Last week I attended the annual NCTM conference, this year held in New Orleans. NCTM is a US-based association that is really international in scope. This is huge conference, with about 8000 attendees this year. I had been invited to share some of the work we have been doing in Richmond and was happy to share some of the things our schools have been working on to develop mental math strategies and focus on computational fluency.
My session focused on how we introduce and teach students in K-3 how to use visual tools to scaffold a transition to visual mental representations before they start working with numbers abstractly in their heads.
I shared how our K and K/1 students at Anderson and Blair used a variety of concrete materials to create representations of five to help develop a sense of five-ness and then how they used the Doodle Buddy and Haiku Deck apps on the iPads to represent five in different ways.
I shared how K and 1 students at Blair and Thompson and the primary students at Byng use ten frames in different ways to help them represent numbers as well as support their understanding of addition and mental math strategies.
I shared the app Find Sums that the grade 1 students at Garden City have used to work with five and ten frames, leading to work with the hundred grid as well.
The most complex visual tool for students to work with is the number line. Beginning with a numbered line, then moving to a marked line and then working with an open number line allows students to work with numbers fluently, using a visual tool to support their computations. Examples below are from primary students at Blair and Byng.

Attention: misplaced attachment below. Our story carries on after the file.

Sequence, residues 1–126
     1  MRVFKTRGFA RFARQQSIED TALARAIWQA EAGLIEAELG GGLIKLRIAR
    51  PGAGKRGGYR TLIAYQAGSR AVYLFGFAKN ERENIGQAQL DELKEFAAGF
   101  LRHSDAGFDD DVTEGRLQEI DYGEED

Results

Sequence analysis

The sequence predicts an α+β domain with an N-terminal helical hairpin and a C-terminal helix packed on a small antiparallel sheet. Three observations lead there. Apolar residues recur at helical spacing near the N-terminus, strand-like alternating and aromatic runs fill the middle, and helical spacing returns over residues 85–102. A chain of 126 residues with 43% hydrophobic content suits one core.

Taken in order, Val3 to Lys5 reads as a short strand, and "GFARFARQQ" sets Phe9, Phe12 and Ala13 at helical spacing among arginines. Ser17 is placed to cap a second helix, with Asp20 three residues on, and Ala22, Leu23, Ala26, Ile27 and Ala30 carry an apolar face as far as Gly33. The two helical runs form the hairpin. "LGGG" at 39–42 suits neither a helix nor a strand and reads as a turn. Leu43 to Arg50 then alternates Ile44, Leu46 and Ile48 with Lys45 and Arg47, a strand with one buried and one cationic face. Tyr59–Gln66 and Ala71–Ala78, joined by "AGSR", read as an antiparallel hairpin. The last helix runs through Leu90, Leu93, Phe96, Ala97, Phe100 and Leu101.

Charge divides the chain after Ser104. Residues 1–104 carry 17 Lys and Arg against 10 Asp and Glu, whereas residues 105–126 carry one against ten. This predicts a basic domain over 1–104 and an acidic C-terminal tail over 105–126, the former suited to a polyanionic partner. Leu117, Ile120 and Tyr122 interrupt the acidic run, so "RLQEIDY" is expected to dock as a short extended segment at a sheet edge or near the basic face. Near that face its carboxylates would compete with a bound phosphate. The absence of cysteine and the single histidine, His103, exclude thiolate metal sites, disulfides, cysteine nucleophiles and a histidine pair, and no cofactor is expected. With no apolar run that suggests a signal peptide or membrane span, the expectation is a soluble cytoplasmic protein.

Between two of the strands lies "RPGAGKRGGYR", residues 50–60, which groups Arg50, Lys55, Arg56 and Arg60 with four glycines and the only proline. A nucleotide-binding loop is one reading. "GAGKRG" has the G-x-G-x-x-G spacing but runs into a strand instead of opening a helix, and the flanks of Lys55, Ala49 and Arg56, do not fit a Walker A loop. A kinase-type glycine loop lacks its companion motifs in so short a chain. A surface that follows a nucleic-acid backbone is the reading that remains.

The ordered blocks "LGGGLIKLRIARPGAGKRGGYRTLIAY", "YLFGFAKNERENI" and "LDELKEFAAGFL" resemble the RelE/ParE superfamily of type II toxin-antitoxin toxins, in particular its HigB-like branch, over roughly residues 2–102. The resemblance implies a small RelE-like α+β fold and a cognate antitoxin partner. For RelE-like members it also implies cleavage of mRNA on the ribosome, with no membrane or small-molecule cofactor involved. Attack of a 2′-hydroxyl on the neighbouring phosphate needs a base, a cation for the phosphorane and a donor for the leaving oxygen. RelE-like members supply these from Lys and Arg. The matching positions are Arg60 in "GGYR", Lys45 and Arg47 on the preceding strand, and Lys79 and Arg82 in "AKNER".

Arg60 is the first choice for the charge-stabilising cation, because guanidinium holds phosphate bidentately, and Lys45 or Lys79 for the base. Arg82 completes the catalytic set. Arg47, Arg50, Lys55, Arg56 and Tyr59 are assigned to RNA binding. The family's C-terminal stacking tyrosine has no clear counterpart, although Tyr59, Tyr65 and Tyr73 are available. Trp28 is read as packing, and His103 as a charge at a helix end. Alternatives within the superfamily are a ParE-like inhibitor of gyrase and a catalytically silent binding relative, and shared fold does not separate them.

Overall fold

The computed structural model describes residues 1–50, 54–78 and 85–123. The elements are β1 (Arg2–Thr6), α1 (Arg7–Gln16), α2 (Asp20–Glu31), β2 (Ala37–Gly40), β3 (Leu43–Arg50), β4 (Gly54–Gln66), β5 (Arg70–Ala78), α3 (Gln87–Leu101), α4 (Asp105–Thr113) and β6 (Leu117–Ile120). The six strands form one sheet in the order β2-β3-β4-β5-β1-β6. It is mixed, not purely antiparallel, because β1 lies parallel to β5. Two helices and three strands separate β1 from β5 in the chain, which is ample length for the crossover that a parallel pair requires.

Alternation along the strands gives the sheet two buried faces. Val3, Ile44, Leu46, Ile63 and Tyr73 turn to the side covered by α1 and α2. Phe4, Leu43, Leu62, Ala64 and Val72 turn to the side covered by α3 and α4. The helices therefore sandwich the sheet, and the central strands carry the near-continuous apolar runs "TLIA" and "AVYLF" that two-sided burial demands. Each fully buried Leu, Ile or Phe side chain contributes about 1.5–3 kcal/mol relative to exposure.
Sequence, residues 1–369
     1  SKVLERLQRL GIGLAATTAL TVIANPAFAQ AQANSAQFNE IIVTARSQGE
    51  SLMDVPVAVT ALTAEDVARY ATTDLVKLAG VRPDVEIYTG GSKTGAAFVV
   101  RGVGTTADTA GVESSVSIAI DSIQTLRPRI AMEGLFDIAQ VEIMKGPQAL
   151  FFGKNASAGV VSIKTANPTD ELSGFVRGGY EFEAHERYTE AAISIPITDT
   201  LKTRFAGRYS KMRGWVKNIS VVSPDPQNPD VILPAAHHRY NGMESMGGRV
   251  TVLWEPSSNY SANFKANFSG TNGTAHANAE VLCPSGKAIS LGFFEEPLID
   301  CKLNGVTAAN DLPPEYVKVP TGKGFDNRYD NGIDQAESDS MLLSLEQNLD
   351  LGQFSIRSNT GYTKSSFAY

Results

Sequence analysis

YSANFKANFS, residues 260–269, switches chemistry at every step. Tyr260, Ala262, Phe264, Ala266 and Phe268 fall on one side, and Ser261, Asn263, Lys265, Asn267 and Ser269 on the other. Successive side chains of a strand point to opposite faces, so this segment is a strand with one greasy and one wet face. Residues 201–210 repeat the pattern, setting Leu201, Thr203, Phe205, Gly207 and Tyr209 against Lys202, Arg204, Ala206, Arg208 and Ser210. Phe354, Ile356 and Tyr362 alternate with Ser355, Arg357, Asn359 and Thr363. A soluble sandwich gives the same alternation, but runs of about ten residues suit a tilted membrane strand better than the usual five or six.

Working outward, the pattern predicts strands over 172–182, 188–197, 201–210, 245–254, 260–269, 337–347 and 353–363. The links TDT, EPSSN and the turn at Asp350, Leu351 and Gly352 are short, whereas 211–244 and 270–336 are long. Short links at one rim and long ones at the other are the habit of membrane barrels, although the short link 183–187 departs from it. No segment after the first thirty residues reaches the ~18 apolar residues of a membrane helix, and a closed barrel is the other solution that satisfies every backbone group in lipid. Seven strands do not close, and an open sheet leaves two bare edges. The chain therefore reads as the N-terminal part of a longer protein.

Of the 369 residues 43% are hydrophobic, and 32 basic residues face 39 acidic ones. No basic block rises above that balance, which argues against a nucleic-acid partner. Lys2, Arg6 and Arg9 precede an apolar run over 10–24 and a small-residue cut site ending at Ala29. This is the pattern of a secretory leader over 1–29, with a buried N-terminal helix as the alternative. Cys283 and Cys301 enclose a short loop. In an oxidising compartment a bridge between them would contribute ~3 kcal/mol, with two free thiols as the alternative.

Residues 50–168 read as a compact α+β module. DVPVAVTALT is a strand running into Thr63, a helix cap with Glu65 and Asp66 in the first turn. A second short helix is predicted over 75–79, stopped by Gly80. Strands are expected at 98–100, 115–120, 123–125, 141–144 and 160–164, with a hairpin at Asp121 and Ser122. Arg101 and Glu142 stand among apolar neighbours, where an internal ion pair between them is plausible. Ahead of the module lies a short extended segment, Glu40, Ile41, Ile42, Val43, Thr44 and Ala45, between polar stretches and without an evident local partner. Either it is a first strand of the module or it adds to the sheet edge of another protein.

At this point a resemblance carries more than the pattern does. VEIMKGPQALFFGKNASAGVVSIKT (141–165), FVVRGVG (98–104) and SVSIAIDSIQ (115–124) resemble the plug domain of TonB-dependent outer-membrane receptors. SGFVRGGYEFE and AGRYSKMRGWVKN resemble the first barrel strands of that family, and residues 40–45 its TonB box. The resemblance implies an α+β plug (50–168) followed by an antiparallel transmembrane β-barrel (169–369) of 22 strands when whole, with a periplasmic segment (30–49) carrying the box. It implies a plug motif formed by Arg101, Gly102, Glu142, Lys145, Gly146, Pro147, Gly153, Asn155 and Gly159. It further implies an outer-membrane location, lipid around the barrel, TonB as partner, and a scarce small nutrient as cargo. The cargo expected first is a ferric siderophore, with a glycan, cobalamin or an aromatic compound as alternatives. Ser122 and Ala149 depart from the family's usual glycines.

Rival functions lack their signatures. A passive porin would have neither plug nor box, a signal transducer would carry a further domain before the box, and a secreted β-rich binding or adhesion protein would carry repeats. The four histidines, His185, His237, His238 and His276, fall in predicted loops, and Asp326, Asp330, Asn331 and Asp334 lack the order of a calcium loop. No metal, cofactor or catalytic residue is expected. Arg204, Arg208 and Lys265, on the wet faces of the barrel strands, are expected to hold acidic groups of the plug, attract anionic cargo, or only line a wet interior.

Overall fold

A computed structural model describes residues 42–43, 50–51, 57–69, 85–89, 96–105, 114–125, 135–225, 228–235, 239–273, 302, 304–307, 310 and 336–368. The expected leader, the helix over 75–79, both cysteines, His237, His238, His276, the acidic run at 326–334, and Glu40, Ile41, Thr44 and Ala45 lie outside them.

And here is an example of a “ShowMe” screencast from a grade 2 student at Blair showing how we would figure out 58+25 using an open number line as a visual support. The teachers at the conference got some insight into life in west coast schools when the Vice Principal came on the PA during this boy working on his screencast to announce an earthquake drill. He kept going until he was finished the question and then zipped back safely to his classroom to duck and cover.
Besides sharing the work we are doing in Richmond, I was able to attend some excellent sessions. Math rock star Marilyn Burns shared her current work with assessing students’ work with number operations and I also attended a session by Sherry Parrish, author of Number Talks (widely used in our Richmond elementary schools) in which she shared her new work with Fraction Number Talks (new resource coming soon!).
Thank you to RTA major conference funding that helped with much of the cost of me attending this conference.
Hanging out with mathy colleagues in New Orleans, it became a bit of thing to search for interesting arrays in the local architecture. Can you spy five and ten frames in these photos?!
The conference was a great experience in a great city!